Recently, in the midst of our national conversation about race, justice, and statues, left-wing activist Shaun King tweeted: “Yes, I think the statues of the white European they claim is Jesus should also come down. They are a form of white supremacy.”
Though it isn’t clear whether King was claiming that Jesus is a form of white supremacy or statues that depict Jesus as a white European are forms of white supremacy, King did get one thing right. Jesus was not a white European. Jesus would have looked like a First-Century Middle Eastern Jew. Because He was one.
And that He was is no incidental or accidental part of the redemption story. Throughout Holy Scripture, God reveals Himself as a God of time and place. In Galatians, for example, Paul tells us that God orchestrated the incarnation at just the right time and in just the right place in human history.
Having the right picture in our minds of what Jesus may have looked like doesn’t seem to be that important to God (after all, if that were important to God, He may very well have chosen a time and place that was post-flash photography), but understanding the world in which He lived, the time and place in which He entered human history, that is important.
For modern Western Christians, that time, that place, and that culture can seem mysterious and even inaccessible. That’s why I’m grateful for the outstanding new book by the late Ravi Zacharias and his co-laborer at RZIM, Abdu Murray: Seeing Jesus from the East: A Fresh Look at History’s Most Influential Figure.
The idea for this ground-breaking work on culture, apologetics, and the life of Jesus originated from the late apologist and former Muslim Nabeel Qureshi. After Nabeel’s untimely death, Ravi Zacharias, who himself was originally from India, asked Abdu Murray, whose family originally came from Lebanon, to help carry the project through.
As he recently told me on a webinar, the fact that first Nabeel and now Ravi are with Jesus and see Him with full clarity, is an especially meaningful thing for Abdu who hopes this book will help Western Christians better see Jesus by understanding His Eastern roots. Like Ravi, Abdu is particularly skilled at connecting dots between culture, personal stories, and timeless Truth.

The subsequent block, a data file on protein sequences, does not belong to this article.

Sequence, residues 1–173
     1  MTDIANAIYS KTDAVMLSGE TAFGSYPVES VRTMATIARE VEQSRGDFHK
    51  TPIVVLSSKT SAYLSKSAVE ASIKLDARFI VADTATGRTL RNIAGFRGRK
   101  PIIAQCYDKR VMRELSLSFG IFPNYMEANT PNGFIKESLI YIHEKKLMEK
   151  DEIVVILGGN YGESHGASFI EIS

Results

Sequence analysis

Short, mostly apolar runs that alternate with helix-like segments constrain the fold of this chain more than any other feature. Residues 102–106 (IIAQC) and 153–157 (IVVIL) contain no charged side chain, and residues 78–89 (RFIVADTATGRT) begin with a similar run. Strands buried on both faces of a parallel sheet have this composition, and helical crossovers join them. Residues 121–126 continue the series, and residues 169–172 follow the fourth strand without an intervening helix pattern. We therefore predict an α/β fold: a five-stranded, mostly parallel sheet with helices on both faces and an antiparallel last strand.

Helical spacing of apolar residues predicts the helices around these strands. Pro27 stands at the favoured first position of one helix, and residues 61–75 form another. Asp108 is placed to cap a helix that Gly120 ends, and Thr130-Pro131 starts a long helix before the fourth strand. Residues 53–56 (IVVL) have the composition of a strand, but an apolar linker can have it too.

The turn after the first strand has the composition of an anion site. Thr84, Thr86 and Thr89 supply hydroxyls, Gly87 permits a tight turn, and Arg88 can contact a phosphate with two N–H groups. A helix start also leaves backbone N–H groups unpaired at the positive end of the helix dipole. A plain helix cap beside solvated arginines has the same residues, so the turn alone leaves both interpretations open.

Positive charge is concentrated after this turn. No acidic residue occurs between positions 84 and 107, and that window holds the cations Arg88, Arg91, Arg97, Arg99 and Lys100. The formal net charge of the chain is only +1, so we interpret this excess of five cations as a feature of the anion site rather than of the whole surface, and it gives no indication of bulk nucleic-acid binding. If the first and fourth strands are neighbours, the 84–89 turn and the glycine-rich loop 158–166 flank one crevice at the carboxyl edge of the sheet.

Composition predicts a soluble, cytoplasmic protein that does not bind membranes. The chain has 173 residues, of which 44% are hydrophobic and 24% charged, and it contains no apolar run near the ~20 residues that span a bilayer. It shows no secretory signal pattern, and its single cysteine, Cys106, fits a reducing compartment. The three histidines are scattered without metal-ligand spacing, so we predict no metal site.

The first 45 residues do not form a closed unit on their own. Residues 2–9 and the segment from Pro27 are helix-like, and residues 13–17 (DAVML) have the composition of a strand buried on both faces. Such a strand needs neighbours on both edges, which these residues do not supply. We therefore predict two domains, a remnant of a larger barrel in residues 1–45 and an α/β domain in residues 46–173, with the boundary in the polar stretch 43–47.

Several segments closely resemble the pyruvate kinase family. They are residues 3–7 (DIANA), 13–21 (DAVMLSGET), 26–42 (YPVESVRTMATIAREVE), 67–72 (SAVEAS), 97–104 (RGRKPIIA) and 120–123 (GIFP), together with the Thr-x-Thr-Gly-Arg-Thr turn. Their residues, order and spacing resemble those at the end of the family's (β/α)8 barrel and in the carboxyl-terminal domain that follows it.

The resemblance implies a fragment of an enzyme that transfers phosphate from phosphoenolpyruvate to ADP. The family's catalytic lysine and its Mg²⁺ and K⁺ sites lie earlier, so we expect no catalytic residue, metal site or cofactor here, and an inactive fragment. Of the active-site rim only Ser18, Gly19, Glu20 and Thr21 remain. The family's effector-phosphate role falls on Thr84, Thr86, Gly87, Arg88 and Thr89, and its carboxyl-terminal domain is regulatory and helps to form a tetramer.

Tragically, even as our society comes to grips with the importance of culture and background in our national conversations about race and history, so many who are committed to tearing down or vandalizing statues of George Washington and even Ulysses S. Grant, can only see through their 21st century eyes. The lack of context and their lack of understanding of cultural artifacts and history are profound blindspots. In the same way, our lack of understanding of the cultural artifacts and history of the Middle Eastern context of Jesus’ life and ministry is a blindspot too.
In Seeing Jesus from the East, Ravi and Abdu explain how certain underlying norms of Eastern culture, including the role and purpose of stories and symbols, the power of the “honor and shame” mentality that pervades the East, the meaning and rewards of sacrifice, the role of teachers and prophets within a wisdom-oriented culture, and – my favorite – the use of parables, are all critical to understand if we are to comprehend the full biblical witness about Jesus Christ.
Seeing afresh the accounts of Jesus’ temptation in the wilderness, or His transfiguration and confab with Moses and Elijah, or His parable of the day workers with the insights that would jump off the page to someone from the East is not only instructive. It’s inspiring.
Even more, it underscores a critical theological insight of Christianity that is not found in other religions. In every other religion, God or the divine is understood either in terms of immanence or transcendence. Either God is outside of time and, in a sense, aloof to the human condition (as in Islam), or the gods are within the world, part of it like we are (as in Hinduism). Only in Christianity is the timeless, transcendent Creator of all also immanent to human beings and within human history.
“I hope that people who read this who are from the West,” says Abdu, “will see that He is not this imperialistic God of the Westesrners to control brown people . . . and those from the East [will see] that He is not a Western god, He is a God who bridges both.”
You can receive a copy of Seeing Jesus from the East with a gift of any amount to the Colson Center during the month of July. Not only will you receive a tremendous resource, but you will enable the Colson Center to continue to equip thousands of other believers through daily BreakPoint commentaries, our ever-growing library of What Would You Say? videos, and our virtual training conferences such as Truth Love Together.
John Stonestreet | Breakpoint | July 1, 2020
Ravi Zacharias, Abdu Murray, and Louie Giglio | RZIM | April 23, 2020
Timothy D. Padgett | BreakPoint | August 3, 2018
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